• John Ruiz - former American professional boxer.[117]
  • Daniel Santiago - professional American basketball player of Puerto Rican descent.
  • Lisa Marie Varon - American professional wrestler, bodybuilder and fitness competitor of Puerto Rican and Turkish descent.

Criminals[edit]

  • Salvador Agron - (1943–1986), a.k.a. "The Capeman", was a Puerto Rican gang member who murdered two teenagers in a Hell's Kitchen park in 1959.
  • Raymond Márquez - a.k.a. "Spanish Raymond" is a reputed American gangster. His parents are from Puerto Rico.[118]
  • José Padilla - also known as Abdullah al-Muhajir or Muhajir Abdullah, is an American convicted of aiding terrorists.
  • Joshua Rosa - American convicted murderer in the State of Florida. His parents are Puerto Rican.

Diplomats[edit]

Educators[edit]

  • Joseph M. Acaba - Educator, hydrogeologist, and NASA astronaut. American of Puerto Rican parent.[120]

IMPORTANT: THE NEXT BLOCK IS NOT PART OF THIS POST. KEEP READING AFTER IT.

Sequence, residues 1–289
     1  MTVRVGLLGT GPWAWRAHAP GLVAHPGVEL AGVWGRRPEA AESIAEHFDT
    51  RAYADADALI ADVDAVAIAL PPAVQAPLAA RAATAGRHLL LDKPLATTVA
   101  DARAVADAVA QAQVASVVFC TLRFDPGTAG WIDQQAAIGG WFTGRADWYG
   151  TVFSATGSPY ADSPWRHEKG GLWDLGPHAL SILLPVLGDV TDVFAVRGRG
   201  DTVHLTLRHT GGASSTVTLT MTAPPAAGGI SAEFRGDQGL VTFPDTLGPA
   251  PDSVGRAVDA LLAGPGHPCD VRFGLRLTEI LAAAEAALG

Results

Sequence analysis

• Edwin David Aponte - Educator, author, and religious leader, born in Connecticut of Puerto Rican parents. A scholar of Latino religions and cultures.
  • Frank Bonilla - (1925–2010)American academic of Puerto Rican descent who became a leading figure in Puerto Rican Studies.
  • Ramón E. López - American Space Physicist and author, who played an instrumental role in the implementation of a hands-on science. program in elementary and middle grades Montgomery County Public Schools (MCPS) in Maryland.
  • Andres Ramos Mattei - (1940–1987) was a Puerto Rican sugar industry historian. He died in New Brunswick, New Jersey.[121]
  • Carlos Albizu Miranda - (1920–1984) first Hispanic educator to have a North American University renamed in his honor and one of the first Hispanics to earn a Ph.D. in Psychology in the United States. Puerto Rican born and American raised.[122]
  • Antonia Pantoja - (1922–2002), educator, social worker, feminist, civil rights leader and founder of ASPIRA, the Puerto Rican Forum, Boricua College and Producir.
  • Ángel Ramos - was the founder of the National Hispanic Council of the Deaf and Hard of Hearing, Superintendent of the Idaho School for the Deaf and the Blind, and was one of the few deaf person of Hispanic descent to earn a doctorate from Gallaudet University